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Managing our Grief

Five Tips on how to Process our Grief

Grief can take on many forms. When we think about grief, we (at least I do) think about the sadness around losing a loved one. That type of grief is possibly the most profound, but there are many other situations that can occur, or not occur, that can cause us to have feelings of grief and sadness that affect our life’s joy.

Relationships that we cherished that have come to an end, whether we ended it or the other person did, will bring grief into our lives. It doesn’t matter if this was a romantic relationship, a marriage, a friendship, or even a business association, the dissolution of any of these types of relationships can bring on grief. Likewise, losing our jobs, our businesses, our homes, and even our hope for our yet unrealized dreams can and do bring grief into our lives. Many of us carry grief from the emotional, physical, or sexual abuse we experienced in our childhoods, and the most difficult thing we have to process with that experience is that the very ones that we depended on to protect and love us were the ones causing us the most damage. We experience grief in many ways, and no person alive will get out of this life without experiencing grief. Part of the reason we came to this planet in physical form is to experience the lower emotions like grief so that we can have empathy and compassion for others that are having painful experiences themselves.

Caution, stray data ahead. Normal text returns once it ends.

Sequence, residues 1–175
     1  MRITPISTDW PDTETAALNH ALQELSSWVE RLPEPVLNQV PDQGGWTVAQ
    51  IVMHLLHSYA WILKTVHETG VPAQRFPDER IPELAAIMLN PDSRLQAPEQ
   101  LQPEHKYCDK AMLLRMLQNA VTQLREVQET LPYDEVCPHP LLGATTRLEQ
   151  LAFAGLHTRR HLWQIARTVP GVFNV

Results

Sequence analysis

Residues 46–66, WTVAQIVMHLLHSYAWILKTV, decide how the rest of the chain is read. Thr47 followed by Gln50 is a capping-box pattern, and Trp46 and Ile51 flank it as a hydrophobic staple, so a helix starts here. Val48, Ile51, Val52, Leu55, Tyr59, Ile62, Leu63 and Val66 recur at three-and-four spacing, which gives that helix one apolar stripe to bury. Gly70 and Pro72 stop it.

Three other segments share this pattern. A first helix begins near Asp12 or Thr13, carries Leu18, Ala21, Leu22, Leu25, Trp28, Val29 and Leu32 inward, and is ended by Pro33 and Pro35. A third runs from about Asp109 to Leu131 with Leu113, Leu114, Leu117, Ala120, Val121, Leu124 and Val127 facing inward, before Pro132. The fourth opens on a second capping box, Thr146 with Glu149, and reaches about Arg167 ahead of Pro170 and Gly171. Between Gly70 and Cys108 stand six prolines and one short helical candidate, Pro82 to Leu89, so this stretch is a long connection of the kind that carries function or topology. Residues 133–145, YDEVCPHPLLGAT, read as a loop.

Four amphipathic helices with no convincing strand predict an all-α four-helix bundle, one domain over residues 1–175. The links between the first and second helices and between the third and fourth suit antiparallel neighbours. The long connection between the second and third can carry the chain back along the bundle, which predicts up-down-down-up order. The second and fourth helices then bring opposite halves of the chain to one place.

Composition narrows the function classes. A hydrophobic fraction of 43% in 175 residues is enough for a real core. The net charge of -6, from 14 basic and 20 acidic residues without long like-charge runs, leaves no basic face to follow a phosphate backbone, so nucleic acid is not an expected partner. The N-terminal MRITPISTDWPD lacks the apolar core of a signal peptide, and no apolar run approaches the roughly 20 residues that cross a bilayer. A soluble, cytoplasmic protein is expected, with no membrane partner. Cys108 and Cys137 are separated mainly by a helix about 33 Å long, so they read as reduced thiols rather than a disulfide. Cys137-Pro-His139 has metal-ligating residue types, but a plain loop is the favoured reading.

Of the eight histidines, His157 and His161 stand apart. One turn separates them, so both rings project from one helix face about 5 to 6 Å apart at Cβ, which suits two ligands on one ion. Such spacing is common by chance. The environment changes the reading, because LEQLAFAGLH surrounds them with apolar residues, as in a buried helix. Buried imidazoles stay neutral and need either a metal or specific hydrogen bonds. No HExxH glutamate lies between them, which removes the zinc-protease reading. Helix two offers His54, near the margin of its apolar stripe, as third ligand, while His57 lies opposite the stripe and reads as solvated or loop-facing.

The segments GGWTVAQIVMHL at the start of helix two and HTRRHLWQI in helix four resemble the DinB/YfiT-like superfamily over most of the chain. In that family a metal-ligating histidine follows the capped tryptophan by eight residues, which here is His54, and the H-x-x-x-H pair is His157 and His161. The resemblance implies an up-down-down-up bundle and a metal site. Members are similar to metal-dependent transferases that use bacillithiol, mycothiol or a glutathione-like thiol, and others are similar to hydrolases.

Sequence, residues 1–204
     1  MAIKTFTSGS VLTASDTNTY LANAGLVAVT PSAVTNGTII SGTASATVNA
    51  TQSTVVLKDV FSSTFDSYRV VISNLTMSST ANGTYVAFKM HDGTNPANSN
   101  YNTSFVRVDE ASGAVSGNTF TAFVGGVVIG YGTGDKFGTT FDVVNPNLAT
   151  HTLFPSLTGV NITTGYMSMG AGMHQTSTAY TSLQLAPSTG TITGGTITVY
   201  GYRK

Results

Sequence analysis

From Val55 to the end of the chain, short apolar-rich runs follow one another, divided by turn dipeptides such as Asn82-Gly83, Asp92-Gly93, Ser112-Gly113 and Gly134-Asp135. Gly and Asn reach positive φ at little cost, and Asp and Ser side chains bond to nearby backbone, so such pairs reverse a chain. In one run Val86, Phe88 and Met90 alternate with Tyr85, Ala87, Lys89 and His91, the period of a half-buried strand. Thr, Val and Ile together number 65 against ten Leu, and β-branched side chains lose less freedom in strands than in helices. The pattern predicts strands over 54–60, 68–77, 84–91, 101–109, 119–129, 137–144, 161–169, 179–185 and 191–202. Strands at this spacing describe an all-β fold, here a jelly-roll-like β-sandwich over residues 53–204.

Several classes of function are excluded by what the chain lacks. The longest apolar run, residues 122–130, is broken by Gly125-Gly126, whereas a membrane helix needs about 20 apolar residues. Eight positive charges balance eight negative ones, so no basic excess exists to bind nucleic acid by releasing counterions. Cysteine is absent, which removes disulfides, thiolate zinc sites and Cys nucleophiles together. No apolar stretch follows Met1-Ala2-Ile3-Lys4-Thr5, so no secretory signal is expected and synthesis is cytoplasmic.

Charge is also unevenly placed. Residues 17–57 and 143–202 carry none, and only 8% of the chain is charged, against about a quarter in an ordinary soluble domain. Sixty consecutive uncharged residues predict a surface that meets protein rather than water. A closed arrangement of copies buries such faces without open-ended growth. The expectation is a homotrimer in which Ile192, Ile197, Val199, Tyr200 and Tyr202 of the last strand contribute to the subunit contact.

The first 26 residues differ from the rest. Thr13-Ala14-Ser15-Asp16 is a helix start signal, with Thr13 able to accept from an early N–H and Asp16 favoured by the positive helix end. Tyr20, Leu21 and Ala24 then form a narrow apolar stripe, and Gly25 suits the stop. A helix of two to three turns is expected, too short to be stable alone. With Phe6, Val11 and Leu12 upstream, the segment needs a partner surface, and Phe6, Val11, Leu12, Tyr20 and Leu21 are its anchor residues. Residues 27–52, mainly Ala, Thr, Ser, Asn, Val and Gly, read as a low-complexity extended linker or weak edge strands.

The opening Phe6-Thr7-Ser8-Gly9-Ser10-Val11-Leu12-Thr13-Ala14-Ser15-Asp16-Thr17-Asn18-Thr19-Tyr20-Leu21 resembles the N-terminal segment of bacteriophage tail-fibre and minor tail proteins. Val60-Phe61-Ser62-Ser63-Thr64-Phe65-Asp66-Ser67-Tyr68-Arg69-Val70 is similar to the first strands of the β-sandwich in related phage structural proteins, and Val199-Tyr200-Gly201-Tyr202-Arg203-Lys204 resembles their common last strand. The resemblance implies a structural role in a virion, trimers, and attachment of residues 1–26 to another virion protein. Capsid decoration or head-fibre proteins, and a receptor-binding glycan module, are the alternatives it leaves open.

Why would we do that?? It’s about our own Soul growth…… about being a more Godly soul. We chose to do this before we ever came down here because these experiences teach compassion and unconditional love towards others that are struggling with similar experiences. It also teaches us about eventually forgiving those that caused our suffering, and it gives us the opportunity to truly release the shackles that bind us to the source of our pain. When we acknowledge that those that inflicted our pain are in pain themselves, we experience a type of awakening that shifts our perspective to a more compassionate stance. That’s not to say that what they did was OK. It clearly was not OK, but we drop the victim mentality, and we resolve to be the generation that will end this harmful behavior. It will become one of the strongest moments in our lives.

I am no psychologist, but I do know how to process grief. I’ve experienced profound grief many times in my life. I understand the process of grieving, and I do know that if we stuff or avoid our feelings that we will go into a permanent state of depression. The depression we experience from avoiding our grief is the driving force behind the addictions that we develop as a result of our avoidance. Individuals turn to alcohol, drugs, sex, food and even religion or meditation to numb themselves from the pain and loneliness they feel as a result of their grief. This is why the “Just say No” campaign to drugs many years ago was doomed from the start. That approach was looking only at the “trash floating on top of the water” instead of searching for the source of the pollution and stopping it at the source. Grief, pain, and depression are behind every addiction.